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Founder’s Week Blog Winners: “Let’s just make it to second semester” 

 

This article won second place in the 2020 Founder’s Week students’ blog competition. Students were required to submit a 350 – 1000 words article on their experience of the pandemic based on this year’s Founder’s Week theme: Don’t Just Survive, Thrive

That phrase right there was practically the theme for all first years beginning their classes online, probably because it’s what I kept repeating to anyone else who would wish to hear about my thoughts on online learning.

The thing that was particularly hilarious is that we (especially me) kept repeating this over and over like some kind of Buddhist mantra, as if the minute the second semester started all our problems would be magically fixed.

But first semester wasn’t moving fast enough, and soon the theme lost its lustre as I became more attuned to the demands of online learning. A few weeks into the semester, during a particularly interesting Philosophical anthropology lesson, where the professor remarked on her confidence in us and how she expected some very good grades, I suddenly realised that I didn’t just want to pass her class, I actually wanted to excel.

Ok, so maybe I am pushing it a little by saying that. But as cheesy as it sounds, I came to the remarkable conclusion that surviving first term wasn’t good enough for me.

I wanted to thrive.

That very moment comes again to my mind as I saw the Founder’s day slogan and read more about St. Josemaria and his journey. He truly believed in love and its impact in not only your life and work but the impact your love could bring to others.

I remember when I first received news that I was going to start my first year online. At that time I had only been to the University grounds once, and only to do an entrance test. It was a blow to the face, mainly because I was so ready to leave home and start a new chapter in my life. It felt like God was punishing me for all the times I promised him something, then went right ahead to do the complete opposite. I was angry and frustrated, why would he give me a chance to attend a great university, then proceed to tell me “My child, you won’t be physically there”. This morose thinking was the mind-set I had chosen for those first few weeks and it was affecting my work, daily-life and health.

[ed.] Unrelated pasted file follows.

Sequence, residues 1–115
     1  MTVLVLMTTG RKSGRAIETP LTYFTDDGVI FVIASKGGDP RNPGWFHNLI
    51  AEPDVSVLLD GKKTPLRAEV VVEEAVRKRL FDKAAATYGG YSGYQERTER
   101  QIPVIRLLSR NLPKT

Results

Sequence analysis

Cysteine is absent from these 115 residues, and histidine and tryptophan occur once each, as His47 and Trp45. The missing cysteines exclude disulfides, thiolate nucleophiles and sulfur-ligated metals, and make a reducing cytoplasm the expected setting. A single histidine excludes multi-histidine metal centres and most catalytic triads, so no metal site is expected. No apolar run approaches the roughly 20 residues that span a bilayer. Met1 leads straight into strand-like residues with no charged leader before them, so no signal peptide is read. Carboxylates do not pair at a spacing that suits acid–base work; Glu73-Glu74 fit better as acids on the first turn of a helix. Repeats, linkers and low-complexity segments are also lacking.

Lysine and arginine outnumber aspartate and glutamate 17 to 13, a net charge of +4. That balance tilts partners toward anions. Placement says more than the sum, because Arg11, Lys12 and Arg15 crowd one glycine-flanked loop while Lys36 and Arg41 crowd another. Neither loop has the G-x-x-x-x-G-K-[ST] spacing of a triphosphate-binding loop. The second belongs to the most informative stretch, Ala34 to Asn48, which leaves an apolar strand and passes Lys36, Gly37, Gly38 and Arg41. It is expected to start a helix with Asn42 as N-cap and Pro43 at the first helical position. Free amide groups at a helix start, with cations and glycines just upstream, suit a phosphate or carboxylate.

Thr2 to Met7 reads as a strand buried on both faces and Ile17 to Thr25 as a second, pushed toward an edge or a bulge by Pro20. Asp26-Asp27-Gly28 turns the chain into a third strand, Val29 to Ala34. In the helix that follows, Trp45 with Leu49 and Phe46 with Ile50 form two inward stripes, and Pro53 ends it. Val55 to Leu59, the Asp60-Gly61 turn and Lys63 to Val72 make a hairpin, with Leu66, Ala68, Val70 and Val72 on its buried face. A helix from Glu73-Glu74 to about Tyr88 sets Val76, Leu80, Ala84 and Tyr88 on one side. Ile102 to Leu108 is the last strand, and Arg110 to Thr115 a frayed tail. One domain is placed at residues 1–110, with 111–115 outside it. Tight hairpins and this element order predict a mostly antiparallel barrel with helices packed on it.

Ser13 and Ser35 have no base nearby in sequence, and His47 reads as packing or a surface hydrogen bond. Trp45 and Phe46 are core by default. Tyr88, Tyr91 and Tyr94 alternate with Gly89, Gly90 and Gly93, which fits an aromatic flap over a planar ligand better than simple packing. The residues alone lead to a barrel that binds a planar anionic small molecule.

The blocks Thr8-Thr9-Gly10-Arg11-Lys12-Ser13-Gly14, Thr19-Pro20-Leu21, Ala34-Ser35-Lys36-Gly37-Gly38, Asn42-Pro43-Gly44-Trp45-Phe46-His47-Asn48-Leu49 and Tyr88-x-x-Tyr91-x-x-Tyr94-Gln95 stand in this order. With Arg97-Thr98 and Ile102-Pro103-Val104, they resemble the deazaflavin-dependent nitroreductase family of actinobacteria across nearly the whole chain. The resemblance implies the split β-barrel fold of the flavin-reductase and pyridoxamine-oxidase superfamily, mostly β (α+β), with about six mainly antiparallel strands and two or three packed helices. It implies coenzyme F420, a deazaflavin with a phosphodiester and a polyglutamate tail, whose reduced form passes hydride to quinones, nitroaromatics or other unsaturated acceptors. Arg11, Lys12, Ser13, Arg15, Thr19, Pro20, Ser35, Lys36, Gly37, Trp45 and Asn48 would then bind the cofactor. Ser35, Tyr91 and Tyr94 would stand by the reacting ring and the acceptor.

I said I had “chosen” because it is true. I chose to think that I will never be able to do well in an online environment, I chose to only put enough effort to meet the low pass mark, and lastly I chose to believe that I had no options at all. St. Josemaria could have given up when they persecuted him relentlessly during the Spanish revolution. But despite the inopportune conditions and point in history, he continued to carry out his priestly duties. He knew he had options; he could have given himself up, or denied himself as a priest or even refused to think positively of the situation. However, he did not, but decided if he was going to be put through hard times, it was for a greater reason than he understood. He never let go of his faith and his mission. After the revolution ended he went back to his work, stronger than before.

With time I realised that in order for me to shake my melancholy attitude; I had to embrace this new situation, make the most of it and love what I was doing. I began to take advantage of being home with my family instead of resenting it, or taking the time to help out when it was needed rather than complaining constantly. Enjoying the things I had before me that I may not see anywhere else, like our family movie night, or even sharing my small victories with my friends just the things that just made me smile and lastly, and taking the time to reflect because I never realised how little we actually do of this.

So second semester has just started, and I am pretty glad I figured this all out in the first because the work load doesn’t lessen, it increases. So for all the first years out there, the difference between surviving and thriving is that – Surviving is aiming to make it just past the marathon finish line, while Thriving is to make it past the line with your best time, a smile on your face and already a promise for another run on a greater day.

 

This article was written by Michelle Chekwoti, a first year Bachelor of Commerce student.

 

Would you like to share your experience of living through the circumstances brought by the Covid-19 pandemic? Kindly email: communications@strathmore.edu

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